Waltheof, Earl of Northumbria

"Waltheof of Northumbria" redirects here. For the earlier earl of that name, see Waltheof of Bamburgh.
Earl of Northumbria
Reign 1072–1076
Predecessor Cospatrick of Northumbria
Successor William Walcher
Spouse(s) Judith of Lens
Father Siward, Earl of Northumbria
Mother Aelfflaed
Born c.1055
Died 31 May 1076
St. Giles's Hill, Winchester
Buried Croyland Abbey

Waltheof, 1st Earl of Northumbria (1050 – 31 May 1076) was the last of the Anglo-Saxon earls and the only English aristocrat to be executed during the reign of William I.

Early life

Waltheof was the second son of Siward, Earl of Northumbria. His mother was Aelfflaed, daughter of Ealdred, Earl of Bernicia, son of Uhtred, Earl of Northumbria. In 1054, Waltheof’s brother, Osbearn, who was much older than he, was killed in battle, making Waltheof his father’s heir. Siward himself died in 1055, and Waltheof being far too young to succeed as Earl of Northumbria, King Edward appointed Tostig Godwinson to the earldom.

He was said to be devout and charitable and was probably educated for a monastic life. In fact around 1065 he became an earl, governing Northamptonshire and Huntingdonshire. Following the Battle of Hastings he submitted to William and was allowed to keep his pre-Conquest title and possessions. He remained at William’s court until 1068.

First revolt

When Sweyn II invaded Northern England in 1069, Waltheof and Edgar Aetheling joined the Danes and took part in the attack on York. He would again make a fresh submission to William after the departure of the invaders in 1070. He was restored to his earldom, and went on to marry William's niece, Judith of Lens. In 1072, he was appointed Earl of Northampton.

The Domesday Book mentions Waltheof ("Walleff"); "'In Hallam ("Halun"), one manor with its sixteen hamlets, there are twenty-nine carucates [~14 km²] to be taxed. There Earl Waltheof had an "Aula" [hall or court]. There may have been about twenty ploughs. This land Roger de Busli holds of the Countess Judith." (Hallam, or Hallamshire, is now part of the city of Sheffield)

In 1072, William expelled Gospatric from the earldom of Northumbria. Gospatric was Waltheof’s cousin and had taken part in the attack on York with him, but like Waltheof, had been pardoned by William. Gospatric fled into exile and William appointed Waltheof as the new earl.

Waltheof had many enemies in the north. Amongst them were members of a family who had killed Waltheof’s maternal great-grandfather, Uchtred the Bold, and his grandfather Ealdred. This was part of a long-running blood feud. In 1074, Waltheof moved against the family by sending his retainers to ambush them, succeeding in killing the two eldest of four brothers.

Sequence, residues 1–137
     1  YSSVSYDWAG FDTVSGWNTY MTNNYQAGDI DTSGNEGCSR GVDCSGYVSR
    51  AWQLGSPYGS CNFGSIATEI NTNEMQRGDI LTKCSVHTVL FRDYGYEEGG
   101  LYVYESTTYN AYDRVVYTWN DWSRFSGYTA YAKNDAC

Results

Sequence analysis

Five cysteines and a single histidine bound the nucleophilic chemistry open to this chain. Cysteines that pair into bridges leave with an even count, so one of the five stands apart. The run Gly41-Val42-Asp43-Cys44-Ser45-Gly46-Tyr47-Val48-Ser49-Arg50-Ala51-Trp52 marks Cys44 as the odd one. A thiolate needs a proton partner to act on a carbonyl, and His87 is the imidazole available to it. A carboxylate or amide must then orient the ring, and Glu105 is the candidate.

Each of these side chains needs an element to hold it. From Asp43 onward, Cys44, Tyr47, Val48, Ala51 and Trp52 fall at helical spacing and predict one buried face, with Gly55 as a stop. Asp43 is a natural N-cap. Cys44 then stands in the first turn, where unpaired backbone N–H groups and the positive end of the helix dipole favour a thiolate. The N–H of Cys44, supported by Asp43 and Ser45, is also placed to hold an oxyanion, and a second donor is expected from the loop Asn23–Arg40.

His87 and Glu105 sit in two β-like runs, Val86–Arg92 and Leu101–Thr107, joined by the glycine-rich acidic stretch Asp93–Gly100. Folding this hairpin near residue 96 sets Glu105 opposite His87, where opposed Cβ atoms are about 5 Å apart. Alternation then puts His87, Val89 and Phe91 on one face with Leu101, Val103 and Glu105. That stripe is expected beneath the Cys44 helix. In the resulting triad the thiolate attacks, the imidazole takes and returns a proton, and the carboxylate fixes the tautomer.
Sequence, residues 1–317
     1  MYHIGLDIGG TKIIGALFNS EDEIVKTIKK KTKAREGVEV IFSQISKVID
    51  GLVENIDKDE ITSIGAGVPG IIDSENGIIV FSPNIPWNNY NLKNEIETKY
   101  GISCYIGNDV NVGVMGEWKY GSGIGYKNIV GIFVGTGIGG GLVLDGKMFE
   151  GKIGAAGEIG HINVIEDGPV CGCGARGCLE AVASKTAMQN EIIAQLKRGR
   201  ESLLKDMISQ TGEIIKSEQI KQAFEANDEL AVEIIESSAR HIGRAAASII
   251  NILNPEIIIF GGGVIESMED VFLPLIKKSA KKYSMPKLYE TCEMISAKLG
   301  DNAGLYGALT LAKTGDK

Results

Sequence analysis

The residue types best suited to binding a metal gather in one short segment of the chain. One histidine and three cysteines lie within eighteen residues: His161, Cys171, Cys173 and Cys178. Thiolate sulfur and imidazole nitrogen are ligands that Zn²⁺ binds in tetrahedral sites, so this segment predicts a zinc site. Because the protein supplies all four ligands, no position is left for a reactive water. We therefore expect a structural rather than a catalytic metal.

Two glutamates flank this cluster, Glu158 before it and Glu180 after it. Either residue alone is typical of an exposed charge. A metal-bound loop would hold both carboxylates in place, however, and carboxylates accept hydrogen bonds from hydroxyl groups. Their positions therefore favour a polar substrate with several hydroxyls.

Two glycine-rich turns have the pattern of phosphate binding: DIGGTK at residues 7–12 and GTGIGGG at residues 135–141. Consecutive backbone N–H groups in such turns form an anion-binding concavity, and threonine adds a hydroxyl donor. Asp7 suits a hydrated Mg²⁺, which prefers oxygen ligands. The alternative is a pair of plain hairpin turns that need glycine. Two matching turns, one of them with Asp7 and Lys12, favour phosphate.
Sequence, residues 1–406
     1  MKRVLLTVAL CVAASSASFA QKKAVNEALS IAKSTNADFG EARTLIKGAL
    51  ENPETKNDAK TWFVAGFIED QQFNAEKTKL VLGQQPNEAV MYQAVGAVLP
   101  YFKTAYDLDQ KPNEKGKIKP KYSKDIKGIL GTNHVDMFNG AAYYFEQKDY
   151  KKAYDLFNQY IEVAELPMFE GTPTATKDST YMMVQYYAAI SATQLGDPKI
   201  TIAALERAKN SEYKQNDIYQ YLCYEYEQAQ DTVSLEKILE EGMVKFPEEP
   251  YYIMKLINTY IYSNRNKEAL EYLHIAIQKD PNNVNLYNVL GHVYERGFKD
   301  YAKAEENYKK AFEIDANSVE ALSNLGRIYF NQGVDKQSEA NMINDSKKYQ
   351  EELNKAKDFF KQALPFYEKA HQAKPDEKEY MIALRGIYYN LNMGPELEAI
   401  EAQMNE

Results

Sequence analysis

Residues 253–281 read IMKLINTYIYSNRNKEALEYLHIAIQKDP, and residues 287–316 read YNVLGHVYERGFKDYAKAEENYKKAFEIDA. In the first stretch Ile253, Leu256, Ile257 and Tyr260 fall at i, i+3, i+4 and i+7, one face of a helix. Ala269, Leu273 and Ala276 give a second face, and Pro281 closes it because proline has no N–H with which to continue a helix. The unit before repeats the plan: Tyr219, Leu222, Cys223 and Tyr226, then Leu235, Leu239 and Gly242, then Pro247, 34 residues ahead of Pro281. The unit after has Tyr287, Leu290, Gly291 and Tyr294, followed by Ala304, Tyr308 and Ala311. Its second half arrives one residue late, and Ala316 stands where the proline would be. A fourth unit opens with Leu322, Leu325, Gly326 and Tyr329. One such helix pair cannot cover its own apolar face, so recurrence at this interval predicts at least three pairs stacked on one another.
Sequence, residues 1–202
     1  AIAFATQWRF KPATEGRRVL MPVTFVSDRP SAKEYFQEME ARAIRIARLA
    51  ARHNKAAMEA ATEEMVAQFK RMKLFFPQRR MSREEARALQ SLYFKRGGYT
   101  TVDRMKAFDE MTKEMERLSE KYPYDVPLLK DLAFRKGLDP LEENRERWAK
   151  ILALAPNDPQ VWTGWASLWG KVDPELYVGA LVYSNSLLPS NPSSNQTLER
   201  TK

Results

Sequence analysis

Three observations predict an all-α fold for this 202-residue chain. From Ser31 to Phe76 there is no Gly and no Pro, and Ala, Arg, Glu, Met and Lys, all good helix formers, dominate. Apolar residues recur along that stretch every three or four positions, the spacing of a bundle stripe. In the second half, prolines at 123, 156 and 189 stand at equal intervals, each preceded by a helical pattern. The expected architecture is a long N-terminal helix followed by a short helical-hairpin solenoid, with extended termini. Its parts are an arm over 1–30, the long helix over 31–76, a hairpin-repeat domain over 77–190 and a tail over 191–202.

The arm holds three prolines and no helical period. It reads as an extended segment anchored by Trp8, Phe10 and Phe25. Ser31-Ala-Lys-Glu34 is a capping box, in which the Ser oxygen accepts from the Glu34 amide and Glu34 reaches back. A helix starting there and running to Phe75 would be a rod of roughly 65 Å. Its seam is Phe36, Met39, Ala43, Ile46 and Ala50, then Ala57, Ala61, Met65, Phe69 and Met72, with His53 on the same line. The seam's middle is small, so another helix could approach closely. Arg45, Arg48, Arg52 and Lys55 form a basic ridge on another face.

Second revolt and death

In 1075 Waltheof joined the Revolt of the Earls against William. His motives for taking part in the revolt are unclear, as is the depth of his involvement. However he repented, confessing his guilt first to Archbishop Lanfranc and then in person to William, who was at the time in Normandy. He returned to England with William but was arrested, brought twice before the king's court and sentenced to death.

He spent almost a year in confinement before being beheaded on 31 May 1076 at St. Giles's Hill, near Winchester. He was said to have spent the months of his captivity in prayer and fasting. Many people believed in his innocence and were surprised when the execution was carried out. His body was initially thrown in a ditch, but was later retrieved and was buried in the chapter house of Croyland Abbey.

Cult of martyrdom

statue traditionally identified as Waltheof, at Croyland Abbey, west front of ruined nave, 4th tier

In 1092, after a fire in the chapter house, the abbot had Waltheof’s body moved to a prominent place in the abbey church. When the coffin was opened, it is reported that the corpse was found to be intact with the severed head re-joined to the trunk.[1] This was regarded as a miracle, and the abbey, which had a financial interest in the matter began to publicise it. As a result, pilgrims began to visit Waltheof’s tomb.

After a few years healing miracles were reputed to occur in the vicinity of Waltheof’s tomb, often involving the restoration of the pilgrim’s lost sight.

Waltheof also became the subject of popular media, heroic but inaccurate accounts of his life being preserved in the Vita et Passio Waldevi comes, a Middle English Waltheof saga, since lost, and the Anglo-Norman Waldef.

Family and children

In 1070 Waltheof married Judith de Lens, daughter of Lambert II, Count of Lens and Adelaide of Normandy, Countess of Aumale. They had three children, the eldest of whom, Maud, brought the earldom of Huntingdon to her second husband, David I of Scotland, and another, Adelise, married the Anglo-Norman noble Raoul III of Tosny.

One of Waltheof's grandsons was Waltheof (d. 1159), abbot of Melrose.


  1. Webb, Diana Pilgrimage in Medieval England Hambledon and London 2000 pp32-3 ISBN 185285250X


Peerage of England
Preceded by
Earl of Northumbria
Succeeded by
William Walcher
New title Earl of Huntingdon and Earl of Northampton
Succeeded by
Next held by:
Simon I of St Liz
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